Front Page Titles (by Subject) CHAPER II: Of the real origin of civil societies. - The Principles of Natural and Politic Law
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CHAPER II: Of the real origin of civil societies. - Jean-Jacques Burlamaqui, The Principles of Natural and Politic Law 
The Principles of Natural and Politic Law, trans. Thomas Nugent, ed. and with an Introduction by Peter Korkman (Indianpolis: Liberty Fund, 2006).
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Of the real origin of civil societies.
I. Civil society is nothing more than the union of a multitude of people, who agree to live in subjection to a sovereign, in order to find, through his protection and care, the happiness to which they naturally aspire.
II. Whenever the question concerning the origin of civil society is started, it may be considered two different ways; for either I am asked my opinion<8> concerning the origin of governments in reality and in fact; or else in regard to the right of congruity and fitness; that is, what are the reasons which should induce mankind to renounce their natural liberty, and to prefer a civil state to that of nature? Let us see first what can be said in regard to the fact.1
III. As the establishment of society and civil government is almost coeval with the world, and there are but very few records extant of those first ages; nothing can be advanced with certainty concerning the real origin of civil societies. All that political writers say upon this subject is reduced to conjectures that have more or less probability.
IV. Some attribute the origin of civil societies to paternal authority. These observe that all the ancient traditions inform us, that the first men lived a long time; by this longevity, joined to the multiplicity of wives, which was then permitted, a great number of families saw themselves united under the authority of one grandfather; and as it is difficult that a society, any thing numerous, can maintain itself without a supreme authority, it is natural to imagine that their children, accustomed from their infancy to respect and obey their fathers, voluntarily resigned the supreme command into their hands, so soon as they arrived to a full maturity of reason.2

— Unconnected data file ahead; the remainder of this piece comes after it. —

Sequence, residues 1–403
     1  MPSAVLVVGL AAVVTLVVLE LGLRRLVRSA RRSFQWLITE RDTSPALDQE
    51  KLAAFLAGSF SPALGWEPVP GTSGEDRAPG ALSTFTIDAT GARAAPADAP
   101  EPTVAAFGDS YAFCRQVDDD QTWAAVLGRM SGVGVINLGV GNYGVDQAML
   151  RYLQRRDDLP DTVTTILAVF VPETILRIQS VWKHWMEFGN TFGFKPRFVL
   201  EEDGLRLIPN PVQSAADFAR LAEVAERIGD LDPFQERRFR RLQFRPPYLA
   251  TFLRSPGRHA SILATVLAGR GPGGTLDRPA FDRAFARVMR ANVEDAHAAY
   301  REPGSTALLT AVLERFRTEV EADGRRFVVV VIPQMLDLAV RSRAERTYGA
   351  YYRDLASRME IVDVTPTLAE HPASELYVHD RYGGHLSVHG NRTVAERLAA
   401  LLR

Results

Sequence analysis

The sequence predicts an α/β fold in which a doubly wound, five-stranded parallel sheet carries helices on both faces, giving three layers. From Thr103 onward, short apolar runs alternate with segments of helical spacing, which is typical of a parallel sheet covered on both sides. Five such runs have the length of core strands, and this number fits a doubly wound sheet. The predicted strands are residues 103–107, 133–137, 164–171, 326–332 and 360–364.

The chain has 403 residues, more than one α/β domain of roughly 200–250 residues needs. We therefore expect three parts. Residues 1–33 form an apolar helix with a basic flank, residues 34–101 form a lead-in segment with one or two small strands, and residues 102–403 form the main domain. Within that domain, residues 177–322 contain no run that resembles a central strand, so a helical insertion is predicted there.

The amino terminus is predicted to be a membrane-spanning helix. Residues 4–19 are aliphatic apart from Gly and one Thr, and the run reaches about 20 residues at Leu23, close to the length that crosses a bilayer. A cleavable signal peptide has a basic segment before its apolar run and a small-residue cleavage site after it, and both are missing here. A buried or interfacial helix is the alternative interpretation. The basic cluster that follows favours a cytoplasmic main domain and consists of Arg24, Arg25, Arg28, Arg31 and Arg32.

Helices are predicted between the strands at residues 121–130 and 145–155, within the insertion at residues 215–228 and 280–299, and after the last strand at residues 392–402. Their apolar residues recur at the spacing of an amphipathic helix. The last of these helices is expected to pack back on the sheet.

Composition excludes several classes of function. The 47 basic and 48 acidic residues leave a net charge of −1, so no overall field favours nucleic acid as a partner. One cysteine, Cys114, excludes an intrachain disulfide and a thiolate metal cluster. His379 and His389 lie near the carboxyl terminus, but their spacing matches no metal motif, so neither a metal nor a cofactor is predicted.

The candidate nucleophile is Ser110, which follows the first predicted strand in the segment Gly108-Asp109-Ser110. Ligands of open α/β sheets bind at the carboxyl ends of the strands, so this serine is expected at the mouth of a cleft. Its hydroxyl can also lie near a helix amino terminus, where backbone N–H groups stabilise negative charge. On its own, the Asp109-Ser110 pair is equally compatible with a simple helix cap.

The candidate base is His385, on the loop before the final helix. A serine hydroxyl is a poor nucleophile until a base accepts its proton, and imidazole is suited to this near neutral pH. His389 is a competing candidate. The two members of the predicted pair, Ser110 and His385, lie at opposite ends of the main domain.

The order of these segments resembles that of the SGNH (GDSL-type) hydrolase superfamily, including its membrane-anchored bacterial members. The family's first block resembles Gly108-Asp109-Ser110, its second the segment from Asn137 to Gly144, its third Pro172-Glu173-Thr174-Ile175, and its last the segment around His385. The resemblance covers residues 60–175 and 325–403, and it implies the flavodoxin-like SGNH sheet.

V. Others suppose that the fear and diffidence which mankind had of one another, was their inducement to unite together under a chief, in order to shelter themselves from those mischiefs which<9> they apprehended.3 From the iniquity of the first men, say they, proceeded war, as also the necessity to which they were reduced of submitting to masters, by whom their rights and privileges might be determined.
VI. Some there are, in fine, who pretend that the first beginnings of civil societies are to be attributed to ambition supported by force or abilities. The most dexterous, the strongest, and the most ambitious reduced at first the simplest and weakest into subjection; those growing states were afterwards insensibly strengthened by conquests, and by the concurrence of such as became voluntary members of those societies.4
VII. Such are the principal conjectures of political writers in regard to the origin of societies; to which let us add a few reflections.
The first is, that in the institution of societies, mankind in all probability thought rather of redressing the evils which they had experienced, than of procuring the several advantages resulting from laws, from commerce, from the arts and sciences, and from all those other improvements so frequently mentioned in history.